Use this URL to cite or link to this record in EThOS: http://ethos.bl.uk/OrderDetails.do?uin=uk.bl.ethos.481443
Title: A comparative study of Arabic and Persian mirrors for princes from the second to the sixth century A.H.
Author: Dawood, Abdel Hakim Hassan Omar Muhammed.
Awarding Body: University of London
Current Institution: University of London
Date of Award: 1965
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Abstract:
Comparative literature as a method of study of historical relationships between national literatures is hardly a century old. Though its position in Western literary scholarship is firmly established, its application to the history of Islamic literatures is still in its first stages, The literatures of the Muslim peoples can be said to belong to one common tradition, the basis of which is religious rather than literary. This tradition was established in the 'Abbãsid period, during which Islamic culture was exposed to the strong influence of two main outside factors: the eastern tradition, in which Pahlawi the literature acquired the first place, and/western, mainly Greek, tradition, first made available to the Muslims through the medium of oriental languages and only later in the original tongue. The eastern tradition proved the more potent of the two in the field of literary composition, and its influence, under which many literary genres, conventions and modes of expression developed in Islamic literature, was both stronger and. more durable. The effect of the western tradition, far-reaching in the fields of philosophy and science, was, in literature, superficial and mostly confined to literary criticism.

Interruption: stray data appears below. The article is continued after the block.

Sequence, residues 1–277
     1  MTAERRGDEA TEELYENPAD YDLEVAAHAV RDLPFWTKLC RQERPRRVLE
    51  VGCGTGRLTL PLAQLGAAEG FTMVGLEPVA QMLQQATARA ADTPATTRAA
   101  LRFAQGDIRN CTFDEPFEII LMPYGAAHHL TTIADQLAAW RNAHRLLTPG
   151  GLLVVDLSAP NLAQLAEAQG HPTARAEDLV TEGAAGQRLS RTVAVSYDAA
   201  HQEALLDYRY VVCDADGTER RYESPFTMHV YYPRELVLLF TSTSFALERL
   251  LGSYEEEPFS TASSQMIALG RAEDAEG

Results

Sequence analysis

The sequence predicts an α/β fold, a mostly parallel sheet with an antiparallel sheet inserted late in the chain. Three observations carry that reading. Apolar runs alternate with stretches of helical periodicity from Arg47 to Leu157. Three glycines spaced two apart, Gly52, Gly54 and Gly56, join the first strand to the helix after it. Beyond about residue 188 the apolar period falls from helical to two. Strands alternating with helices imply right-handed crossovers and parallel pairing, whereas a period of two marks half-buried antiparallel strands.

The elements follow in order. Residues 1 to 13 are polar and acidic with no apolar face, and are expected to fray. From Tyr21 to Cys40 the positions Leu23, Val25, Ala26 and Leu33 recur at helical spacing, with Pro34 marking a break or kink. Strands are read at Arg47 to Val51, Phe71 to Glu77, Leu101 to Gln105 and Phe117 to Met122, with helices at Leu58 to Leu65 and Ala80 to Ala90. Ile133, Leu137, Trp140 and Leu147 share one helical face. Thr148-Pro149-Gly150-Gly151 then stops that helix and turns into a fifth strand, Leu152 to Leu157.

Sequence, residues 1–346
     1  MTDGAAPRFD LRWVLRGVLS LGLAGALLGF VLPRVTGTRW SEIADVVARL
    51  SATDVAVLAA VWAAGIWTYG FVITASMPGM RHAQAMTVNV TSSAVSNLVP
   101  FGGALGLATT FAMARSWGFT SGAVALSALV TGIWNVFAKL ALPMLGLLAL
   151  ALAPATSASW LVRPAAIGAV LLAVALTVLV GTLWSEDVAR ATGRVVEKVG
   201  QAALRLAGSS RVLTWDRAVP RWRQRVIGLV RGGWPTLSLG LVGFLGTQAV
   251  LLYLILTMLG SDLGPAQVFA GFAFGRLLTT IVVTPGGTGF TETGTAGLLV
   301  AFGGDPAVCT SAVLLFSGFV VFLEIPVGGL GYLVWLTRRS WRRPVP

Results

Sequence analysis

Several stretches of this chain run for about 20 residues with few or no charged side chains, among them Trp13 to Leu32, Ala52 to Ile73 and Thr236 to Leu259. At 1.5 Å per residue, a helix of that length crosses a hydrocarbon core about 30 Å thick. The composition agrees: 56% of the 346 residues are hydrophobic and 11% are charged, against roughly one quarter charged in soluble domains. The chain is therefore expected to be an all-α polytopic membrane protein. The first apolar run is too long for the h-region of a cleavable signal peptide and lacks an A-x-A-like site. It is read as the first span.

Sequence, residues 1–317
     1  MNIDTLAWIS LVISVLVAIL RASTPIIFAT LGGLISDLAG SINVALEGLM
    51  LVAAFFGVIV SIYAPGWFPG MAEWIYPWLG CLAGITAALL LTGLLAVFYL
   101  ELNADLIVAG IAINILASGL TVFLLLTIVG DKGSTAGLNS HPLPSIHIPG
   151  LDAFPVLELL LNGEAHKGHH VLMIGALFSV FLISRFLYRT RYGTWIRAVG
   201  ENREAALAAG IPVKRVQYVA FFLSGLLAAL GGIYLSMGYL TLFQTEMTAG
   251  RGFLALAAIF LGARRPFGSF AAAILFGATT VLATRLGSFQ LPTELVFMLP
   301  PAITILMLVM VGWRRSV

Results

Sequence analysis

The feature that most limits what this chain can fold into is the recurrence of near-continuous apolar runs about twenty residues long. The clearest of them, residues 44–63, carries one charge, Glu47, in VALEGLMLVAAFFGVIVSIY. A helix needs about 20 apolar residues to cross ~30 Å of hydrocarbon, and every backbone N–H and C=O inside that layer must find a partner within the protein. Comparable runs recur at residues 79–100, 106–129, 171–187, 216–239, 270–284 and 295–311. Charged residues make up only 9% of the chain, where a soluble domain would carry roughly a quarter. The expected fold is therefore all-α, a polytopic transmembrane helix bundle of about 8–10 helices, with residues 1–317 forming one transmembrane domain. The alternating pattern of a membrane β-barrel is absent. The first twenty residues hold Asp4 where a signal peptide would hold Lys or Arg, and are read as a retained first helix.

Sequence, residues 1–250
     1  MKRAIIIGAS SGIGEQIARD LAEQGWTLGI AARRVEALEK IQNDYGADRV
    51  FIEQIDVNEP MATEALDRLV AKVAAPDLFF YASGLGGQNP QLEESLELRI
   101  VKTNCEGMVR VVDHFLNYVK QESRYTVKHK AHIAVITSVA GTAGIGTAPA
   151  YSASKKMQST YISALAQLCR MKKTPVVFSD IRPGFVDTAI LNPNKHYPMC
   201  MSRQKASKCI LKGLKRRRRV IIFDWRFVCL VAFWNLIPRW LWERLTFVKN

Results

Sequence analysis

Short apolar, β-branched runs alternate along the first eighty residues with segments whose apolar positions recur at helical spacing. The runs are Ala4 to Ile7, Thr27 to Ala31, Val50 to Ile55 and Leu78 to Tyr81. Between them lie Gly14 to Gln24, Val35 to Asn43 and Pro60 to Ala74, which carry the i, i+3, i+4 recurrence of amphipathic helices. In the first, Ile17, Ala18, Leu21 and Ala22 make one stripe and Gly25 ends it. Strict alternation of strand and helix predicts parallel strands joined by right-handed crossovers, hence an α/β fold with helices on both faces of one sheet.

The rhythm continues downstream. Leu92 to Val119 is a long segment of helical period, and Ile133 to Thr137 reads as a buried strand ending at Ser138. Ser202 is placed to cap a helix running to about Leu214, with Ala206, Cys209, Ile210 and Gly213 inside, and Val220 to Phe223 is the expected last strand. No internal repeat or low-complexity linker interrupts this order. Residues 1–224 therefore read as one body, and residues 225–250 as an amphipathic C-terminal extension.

Supervisor: Not available Sponsor: Not available
Qualification Name: Thesis (Ph.D.) Qualification Level: Doctoral
EThOS ID: uk.bl.ethos.481443  DOI: Not available
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